Since the country introduced its Eighth Amendment back in 1983, pro-choice Irish women have been fighting to win back their reproductive rights — specifically, their right to an abortion. But people who don't actually live in Ireland are also getting in on the potentially historic moment coming up in the nation. Some anti-choice Americans want to sway Ireland's abortion vote and stop it from becoming legalized. They want to stop it so badly, in fact, that they're flying to Ireland themselves.
"Basically it's a Roe vs. Wade, but Irish style," Emily Faulkner, 23, an American anti-abortion campaigner currently in Dublin, Ireland, told a group of American students, according to CNN. She was trying to convince them to accompany her and her fiance, Nathan Berning, 25, to Ireland.
The couple is the founder of the anti-abortion group Let Them Live and had traveled to Ireland a month leading up to the vote in order to "sway the voters to vote pro-life and hopefully keep Ireland pro-life." And it looks like other Americans had the same idea. According to CNN, members of Irish groups in favor of the repeal have "heard American accents on their doorsteps." One Irish anti-choice group, CNN noted, even flew American anti-abortion activist Claire Culwell to Ireland so she could speak on the issue.
The vote in question is over the Eighth Amendment to the country's constitution which gives a mother and an unborn child "an equal right to life," thus causing an almost complete abortion ban. Although it does make exceptions if the mother's life is at risk from the pregnancy, this amendment is the one of the most rigid in the world in regards to abortion.
Under the Eighth Amendment, an Irish woman has to travel abroad to a country that allows abortion, if she wants to terminate a pregnancy. Another article by CNN details the experience of Julie O'Donnell, an Irish woman who was 29 weeks along when she terminated her pregnancy in England due to fatal defect with her unborn child.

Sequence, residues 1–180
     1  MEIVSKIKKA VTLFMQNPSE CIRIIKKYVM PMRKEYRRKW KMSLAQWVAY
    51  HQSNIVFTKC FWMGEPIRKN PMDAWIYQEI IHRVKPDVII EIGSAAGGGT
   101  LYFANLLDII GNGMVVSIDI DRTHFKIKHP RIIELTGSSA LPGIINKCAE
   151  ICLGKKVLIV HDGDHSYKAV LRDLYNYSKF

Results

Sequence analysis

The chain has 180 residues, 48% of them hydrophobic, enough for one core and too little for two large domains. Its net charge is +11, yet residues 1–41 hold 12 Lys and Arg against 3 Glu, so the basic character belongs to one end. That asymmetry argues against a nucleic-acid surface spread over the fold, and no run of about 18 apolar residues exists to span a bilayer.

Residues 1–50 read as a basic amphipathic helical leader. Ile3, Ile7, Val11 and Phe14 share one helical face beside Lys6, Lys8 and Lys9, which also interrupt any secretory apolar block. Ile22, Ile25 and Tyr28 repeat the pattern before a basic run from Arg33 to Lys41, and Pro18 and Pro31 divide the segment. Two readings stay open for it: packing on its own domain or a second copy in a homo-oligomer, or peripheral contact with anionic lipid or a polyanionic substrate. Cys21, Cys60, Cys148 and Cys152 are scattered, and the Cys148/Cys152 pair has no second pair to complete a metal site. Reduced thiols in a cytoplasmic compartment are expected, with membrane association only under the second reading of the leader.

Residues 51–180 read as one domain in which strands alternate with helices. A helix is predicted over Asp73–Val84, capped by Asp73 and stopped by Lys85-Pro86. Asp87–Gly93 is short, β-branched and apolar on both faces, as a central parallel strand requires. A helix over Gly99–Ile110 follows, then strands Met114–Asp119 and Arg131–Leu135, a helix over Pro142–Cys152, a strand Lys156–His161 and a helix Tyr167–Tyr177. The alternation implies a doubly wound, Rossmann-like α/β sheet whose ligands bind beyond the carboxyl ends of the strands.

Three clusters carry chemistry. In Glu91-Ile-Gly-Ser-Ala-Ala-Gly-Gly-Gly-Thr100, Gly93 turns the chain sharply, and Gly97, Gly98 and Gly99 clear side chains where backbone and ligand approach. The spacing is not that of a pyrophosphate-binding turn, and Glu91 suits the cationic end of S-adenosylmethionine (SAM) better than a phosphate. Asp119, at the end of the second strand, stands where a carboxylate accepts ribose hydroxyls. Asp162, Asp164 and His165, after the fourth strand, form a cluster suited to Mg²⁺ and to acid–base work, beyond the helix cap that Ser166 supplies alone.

"You have to say you're going to Liverpool Women's Hospital, and they know exactly why," O'Donnell said, reflecting on when the moment she got into a taxi to go have the procedure done. "It's incredibly awkward."
In an opinion piece by for the New York Times, writer Jochen Bittener asserts that upcoming vote on Ireland's Eighth Amendment isn't just about abortion. "Abortion is, of course, an issue that is far from unique to Ireland; it is part of a larger cultural struggle, being fought around the world, over the conviction that liberalism has gone too far." Bittener says. "For anyone in the world anxious to defend — or destroy — that status quo, the next battleground is Ireland. No wonder many Irish feel as comfortable in this referendum campaign as a fly under a magnifying glass."
According to Time, ever since the Protection of Life During Pregnancy Act was introduced in 2013 the country's abortion laws have been criticized by the United Nations Human Rights Commission for being "cruel and inhumane." The act defines under what conditions abortion can be legally performed in Ireland. A few months after taking office in 2017, Prime Minister Leo Varadkar announced the referendum to repeal the Eighth Amendment.
With American anti-abortion advocates like Let Them Live traveling overseas to sway people's opinions, some Irish people were open to hearing the group out, while others seemed reluctant. Berning described an incident where he handed a flyer to a woman who then tore it up. There was another occasion where a man simply said that they would be voting "no" because he didn't trust politicians.
CNN reported that Facebook would be banning foreign ads related to the referendum vote and that Google would be pausing all ads related to it as well. The decision was met with mixed reviews: pro-repeal groups claimed that it would "level the playing field," while anti abortion groups are accusing it of rigging the election and quieting free speech which would, in turn, "silence" their campaign.
If the vote on May 25 is in favor of the amendment being repealed, the government will most likely legalize abortion up to 12 weeks of pregnancy, Time says.